Orville Parker testified on behalf of the defendant that on July 14, 1971, he and Officer Markham, a narcotics agent whom he met on July 12, 1971, were in Frank and Dottie's tavern drinking beer. Parker stated that he received $20 from Officer Markham when they saw the defendant outside the tavern. Parker testified that he talked with Officer Markham and the defendant, but he stated that he never discussed heroin in the officer's presence. Parker stated that he bought narcotics with the money he received from Officer Markham, and he turned the narcotics over to the officer after purchasing them. Parker, in completing his testimony, stated that Officer Markham never purchased narcotics directly from the defendant.

• 1 The issue before this court is one which is fundamental to our system of justice and involves the question of whether the accused in this case was deprived of his right to a fair trial. The defendant argues that his right to a fair trial was violated by certain improper statements in the prosecutor's closing argument. Under the due process clause and the sixth amendment to the Federal Constitution, as well as under the Constitution of the State of Illinois, an accused in a criminal prosecution is accorded, and indeed guaranteed, the right to a fair and impartial trial, (People v. Cuttley (1967), 82 Ill. App.2d 321, 328, 226 N.E.2d 479), and a defendant, no matter how reprehensible his crime or how black his history of past misdeeds, is entitled to have these constitutional rules applied. People v. Gregory (1961), 22 Ill.2d 601, 177 N.E.2d 120.

The Illinois Supreme Court reversed a conviction in People v. Freedman (1954), 4 Ill.2d 414, 123 N.E.2d 317, because of the improper and highly prejudicial remarks of counsel. The prosecutor in Freedman alleged that the defendant testified that he was intoxicated after discussing the case with his attorney and discovering that intoxication was a defense to the crime with which he was charged. Consequently, the court held that arguments of a prosecutor which charge a defendant's counsel with attempts to free his client by trickery tend to deprive the accused of a fair trial and should not be permitted.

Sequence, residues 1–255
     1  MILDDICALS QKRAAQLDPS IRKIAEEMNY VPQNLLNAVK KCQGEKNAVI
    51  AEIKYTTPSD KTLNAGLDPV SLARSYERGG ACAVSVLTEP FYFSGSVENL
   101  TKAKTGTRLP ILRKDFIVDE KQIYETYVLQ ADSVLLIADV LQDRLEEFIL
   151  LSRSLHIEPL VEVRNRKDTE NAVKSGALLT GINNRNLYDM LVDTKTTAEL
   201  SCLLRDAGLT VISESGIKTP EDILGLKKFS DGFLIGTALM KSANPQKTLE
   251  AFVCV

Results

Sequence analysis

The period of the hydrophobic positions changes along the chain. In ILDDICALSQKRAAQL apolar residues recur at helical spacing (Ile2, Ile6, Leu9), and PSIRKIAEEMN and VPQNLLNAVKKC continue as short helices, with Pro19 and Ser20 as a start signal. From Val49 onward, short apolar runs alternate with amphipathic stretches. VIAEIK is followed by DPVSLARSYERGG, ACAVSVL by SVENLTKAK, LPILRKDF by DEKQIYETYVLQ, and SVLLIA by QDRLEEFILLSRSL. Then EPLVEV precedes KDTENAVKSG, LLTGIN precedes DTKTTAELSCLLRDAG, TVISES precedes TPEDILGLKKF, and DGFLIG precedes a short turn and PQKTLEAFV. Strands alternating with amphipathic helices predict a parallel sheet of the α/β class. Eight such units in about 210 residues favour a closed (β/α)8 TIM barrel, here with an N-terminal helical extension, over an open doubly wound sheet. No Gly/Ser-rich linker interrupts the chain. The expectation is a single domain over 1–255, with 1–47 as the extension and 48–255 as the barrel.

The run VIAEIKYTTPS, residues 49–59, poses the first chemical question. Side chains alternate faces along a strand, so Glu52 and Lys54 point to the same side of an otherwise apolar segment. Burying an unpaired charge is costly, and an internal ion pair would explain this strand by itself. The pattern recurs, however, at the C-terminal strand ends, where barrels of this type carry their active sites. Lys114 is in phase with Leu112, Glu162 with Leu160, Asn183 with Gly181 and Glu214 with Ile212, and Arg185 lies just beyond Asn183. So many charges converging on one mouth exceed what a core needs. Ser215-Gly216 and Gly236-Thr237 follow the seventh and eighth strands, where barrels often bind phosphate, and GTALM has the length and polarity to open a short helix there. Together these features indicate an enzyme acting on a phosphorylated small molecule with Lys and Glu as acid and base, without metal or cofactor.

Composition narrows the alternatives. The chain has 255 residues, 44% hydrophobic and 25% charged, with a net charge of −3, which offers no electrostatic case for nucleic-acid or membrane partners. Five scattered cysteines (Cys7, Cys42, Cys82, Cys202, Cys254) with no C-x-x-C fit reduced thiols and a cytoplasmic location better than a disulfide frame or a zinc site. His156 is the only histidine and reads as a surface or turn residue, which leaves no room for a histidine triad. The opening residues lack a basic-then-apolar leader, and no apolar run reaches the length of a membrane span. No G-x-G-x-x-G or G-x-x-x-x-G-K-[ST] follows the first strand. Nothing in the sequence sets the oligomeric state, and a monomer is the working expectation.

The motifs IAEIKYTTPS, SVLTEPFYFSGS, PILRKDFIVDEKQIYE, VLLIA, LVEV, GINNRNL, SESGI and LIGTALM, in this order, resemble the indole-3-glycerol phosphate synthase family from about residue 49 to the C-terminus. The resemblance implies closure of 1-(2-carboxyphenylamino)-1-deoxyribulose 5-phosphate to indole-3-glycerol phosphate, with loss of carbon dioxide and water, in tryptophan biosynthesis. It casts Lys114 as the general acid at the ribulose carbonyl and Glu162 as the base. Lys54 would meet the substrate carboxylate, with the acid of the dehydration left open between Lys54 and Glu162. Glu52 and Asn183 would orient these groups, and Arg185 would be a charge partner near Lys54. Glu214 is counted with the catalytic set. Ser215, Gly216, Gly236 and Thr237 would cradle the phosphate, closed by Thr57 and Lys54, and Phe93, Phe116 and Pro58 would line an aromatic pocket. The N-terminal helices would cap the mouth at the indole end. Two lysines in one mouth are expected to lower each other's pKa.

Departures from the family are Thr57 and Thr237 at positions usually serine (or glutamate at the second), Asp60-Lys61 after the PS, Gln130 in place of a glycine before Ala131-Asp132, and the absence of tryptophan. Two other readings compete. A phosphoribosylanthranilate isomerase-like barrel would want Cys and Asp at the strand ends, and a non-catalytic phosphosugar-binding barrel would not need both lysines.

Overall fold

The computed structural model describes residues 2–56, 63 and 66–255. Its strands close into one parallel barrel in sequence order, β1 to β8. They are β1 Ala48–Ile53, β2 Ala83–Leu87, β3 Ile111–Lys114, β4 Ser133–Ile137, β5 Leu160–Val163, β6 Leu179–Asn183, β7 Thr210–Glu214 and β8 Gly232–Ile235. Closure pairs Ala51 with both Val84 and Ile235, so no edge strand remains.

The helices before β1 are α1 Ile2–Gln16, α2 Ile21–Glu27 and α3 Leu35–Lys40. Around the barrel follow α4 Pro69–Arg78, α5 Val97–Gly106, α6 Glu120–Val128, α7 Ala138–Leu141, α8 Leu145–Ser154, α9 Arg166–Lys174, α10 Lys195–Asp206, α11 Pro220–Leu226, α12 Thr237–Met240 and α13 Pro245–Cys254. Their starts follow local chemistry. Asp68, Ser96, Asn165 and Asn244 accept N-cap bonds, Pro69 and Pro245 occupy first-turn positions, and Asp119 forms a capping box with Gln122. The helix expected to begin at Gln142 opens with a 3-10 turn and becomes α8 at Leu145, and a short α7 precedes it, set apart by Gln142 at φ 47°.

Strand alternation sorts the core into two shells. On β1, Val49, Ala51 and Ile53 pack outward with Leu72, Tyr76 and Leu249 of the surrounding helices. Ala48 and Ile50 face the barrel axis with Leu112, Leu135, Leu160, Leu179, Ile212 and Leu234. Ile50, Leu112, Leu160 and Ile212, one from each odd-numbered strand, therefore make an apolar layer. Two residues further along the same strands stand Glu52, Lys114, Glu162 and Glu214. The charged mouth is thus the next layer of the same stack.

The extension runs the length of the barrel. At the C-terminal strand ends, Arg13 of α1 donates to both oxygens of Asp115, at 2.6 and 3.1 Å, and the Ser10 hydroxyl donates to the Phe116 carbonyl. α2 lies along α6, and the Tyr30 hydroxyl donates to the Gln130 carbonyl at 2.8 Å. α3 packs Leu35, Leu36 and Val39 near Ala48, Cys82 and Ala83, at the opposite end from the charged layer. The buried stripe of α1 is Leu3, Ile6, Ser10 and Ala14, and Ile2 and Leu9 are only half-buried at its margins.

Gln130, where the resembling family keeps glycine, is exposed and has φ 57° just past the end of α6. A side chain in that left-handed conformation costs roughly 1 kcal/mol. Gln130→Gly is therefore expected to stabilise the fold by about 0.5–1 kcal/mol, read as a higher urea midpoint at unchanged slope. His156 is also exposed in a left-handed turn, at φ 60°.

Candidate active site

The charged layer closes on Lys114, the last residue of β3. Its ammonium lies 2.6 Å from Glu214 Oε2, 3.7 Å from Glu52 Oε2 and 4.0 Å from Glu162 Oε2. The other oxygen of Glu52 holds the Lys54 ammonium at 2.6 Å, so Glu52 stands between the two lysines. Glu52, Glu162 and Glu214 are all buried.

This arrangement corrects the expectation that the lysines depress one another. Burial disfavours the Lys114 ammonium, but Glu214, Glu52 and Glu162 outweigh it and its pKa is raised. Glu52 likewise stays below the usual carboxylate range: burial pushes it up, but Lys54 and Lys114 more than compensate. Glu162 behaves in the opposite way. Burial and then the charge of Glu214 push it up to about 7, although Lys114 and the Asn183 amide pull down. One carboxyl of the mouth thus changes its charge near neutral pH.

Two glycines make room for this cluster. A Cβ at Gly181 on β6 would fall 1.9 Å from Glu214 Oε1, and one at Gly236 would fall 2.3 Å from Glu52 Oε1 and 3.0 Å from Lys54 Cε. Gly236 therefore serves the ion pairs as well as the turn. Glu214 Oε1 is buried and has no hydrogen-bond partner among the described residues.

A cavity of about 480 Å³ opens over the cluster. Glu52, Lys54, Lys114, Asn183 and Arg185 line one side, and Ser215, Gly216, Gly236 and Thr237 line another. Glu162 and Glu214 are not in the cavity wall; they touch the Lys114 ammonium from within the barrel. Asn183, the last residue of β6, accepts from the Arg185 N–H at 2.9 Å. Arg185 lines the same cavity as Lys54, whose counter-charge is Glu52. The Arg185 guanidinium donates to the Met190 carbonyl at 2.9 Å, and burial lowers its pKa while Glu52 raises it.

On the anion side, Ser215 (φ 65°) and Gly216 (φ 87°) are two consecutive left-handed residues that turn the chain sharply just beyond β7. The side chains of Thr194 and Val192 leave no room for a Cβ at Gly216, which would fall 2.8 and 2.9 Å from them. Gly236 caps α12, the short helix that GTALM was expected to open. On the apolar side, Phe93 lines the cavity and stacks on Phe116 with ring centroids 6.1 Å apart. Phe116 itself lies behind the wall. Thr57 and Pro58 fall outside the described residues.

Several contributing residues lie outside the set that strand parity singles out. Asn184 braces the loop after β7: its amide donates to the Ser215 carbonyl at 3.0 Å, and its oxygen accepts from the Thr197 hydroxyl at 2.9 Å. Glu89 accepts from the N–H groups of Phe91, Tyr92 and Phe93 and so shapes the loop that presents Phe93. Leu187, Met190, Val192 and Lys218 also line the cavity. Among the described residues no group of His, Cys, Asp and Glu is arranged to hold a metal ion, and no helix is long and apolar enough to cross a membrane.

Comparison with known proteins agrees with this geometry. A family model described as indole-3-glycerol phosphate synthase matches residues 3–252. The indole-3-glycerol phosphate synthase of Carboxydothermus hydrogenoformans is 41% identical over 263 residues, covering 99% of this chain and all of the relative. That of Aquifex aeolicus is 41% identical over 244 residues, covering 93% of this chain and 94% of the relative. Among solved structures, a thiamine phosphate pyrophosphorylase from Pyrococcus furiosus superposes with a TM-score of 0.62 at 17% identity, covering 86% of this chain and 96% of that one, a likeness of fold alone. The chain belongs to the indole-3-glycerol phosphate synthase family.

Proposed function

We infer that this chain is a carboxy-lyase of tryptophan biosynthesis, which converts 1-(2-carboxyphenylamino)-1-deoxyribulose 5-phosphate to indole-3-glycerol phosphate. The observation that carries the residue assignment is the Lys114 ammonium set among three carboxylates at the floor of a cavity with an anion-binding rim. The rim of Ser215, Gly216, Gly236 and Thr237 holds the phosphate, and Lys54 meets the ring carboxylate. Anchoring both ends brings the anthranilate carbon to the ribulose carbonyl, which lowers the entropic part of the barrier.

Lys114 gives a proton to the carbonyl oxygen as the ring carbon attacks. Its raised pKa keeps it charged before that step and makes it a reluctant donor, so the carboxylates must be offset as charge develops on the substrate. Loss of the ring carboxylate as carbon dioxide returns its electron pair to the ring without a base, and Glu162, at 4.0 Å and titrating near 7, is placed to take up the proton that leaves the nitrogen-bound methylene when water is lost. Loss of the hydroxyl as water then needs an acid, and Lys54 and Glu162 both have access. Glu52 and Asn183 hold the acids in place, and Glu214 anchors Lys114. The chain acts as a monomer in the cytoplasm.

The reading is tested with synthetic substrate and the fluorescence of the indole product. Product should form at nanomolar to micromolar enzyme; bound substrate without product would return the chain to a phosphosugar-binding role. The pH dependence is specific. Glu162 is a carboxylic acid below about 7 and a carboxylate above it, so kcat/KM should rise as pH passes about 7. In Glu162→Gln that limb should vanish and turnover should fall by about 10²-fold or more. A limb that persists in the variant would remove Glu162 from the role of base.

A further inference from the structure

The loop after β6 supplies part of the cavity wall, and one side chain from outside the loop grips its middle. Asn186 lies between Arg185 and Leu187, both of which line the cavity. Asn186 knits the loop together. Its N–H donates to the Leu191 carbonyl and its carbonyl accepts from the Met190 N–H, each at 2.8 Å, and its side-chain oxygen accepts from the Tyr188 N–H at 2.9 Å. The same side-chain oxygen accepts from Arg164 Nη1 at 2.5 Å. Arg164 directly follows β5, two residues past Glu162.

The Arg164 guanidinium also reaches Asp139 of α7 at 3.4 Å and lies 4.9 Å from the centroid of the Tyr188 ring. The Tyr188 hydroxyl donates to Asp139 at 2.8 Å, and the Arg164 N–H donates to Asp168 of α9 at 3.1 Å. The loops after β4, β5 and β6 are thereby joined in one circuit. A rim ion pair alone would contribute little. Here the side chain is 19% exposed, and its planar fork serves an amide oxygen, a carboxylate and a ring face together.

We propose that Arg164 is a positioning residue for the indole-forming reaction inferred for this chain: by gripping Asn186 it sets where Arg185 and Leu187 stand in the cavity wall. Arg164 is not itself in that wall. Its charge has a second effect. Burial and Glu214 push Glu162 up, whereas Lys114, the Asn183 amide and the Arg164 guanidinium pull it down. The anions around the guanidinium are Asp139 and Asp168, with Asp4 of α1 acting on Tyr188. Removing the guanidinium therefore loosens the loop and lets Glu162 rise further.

In the instant case the evidence is close and conflicting. The evidence is close because the testimony of the State's witness, a police officer, is diametrically opposed to the testimony of defendant's witness, a special employee of the police department who set up the sale, but happens to be a drug addict. The evidence conflicts in that Officer Markham testified that he purchased heroin from the defendant for $25, while Parker testified that he personally purchased the heroin from defendant for $20. Nevertheless, the defendant alleges that the prosecutor insinuates in closing argument that his attorney is resorting to trickery by stating:

"Now Mr. Green, counsel for the defense, is no doubt trying to defend his client in any way he can. I would indicate to you he made his opening statement he talked about Orville Parker and you may recall that he had nothing good to say about Orville Parker * * *.

I would ask you to consider that possibly his [Parker's] testimony is changing perhaps in relation to asking someone's help, perhaps counsel to get out of that jail, that perhaps he would come here and tell you a story yesterday that has no relationship to the truth at all.

I would ask you to also consider the fact that as Mr. Green said, that when this witness was brought here that prior to getting on the stand and just prior to getting on the stand did Mr. Green and Orville Parker have a conversation in that conference room and that Mr. Parker came out here and told you a story and I think you can consider that as well."

The prosecutor's closing argument suggests that defense counsel would "use any means" to free his client including suborning perjured testimony from his witness. This commentary only arouses the passions of the jury against the defendant and his counsel and does not serve the interests of justice. (People v. Weathers (1974), 23 Ill. App.3d 907, 914, 320 N.E.2d 442.) It is impossible to determine the effect ...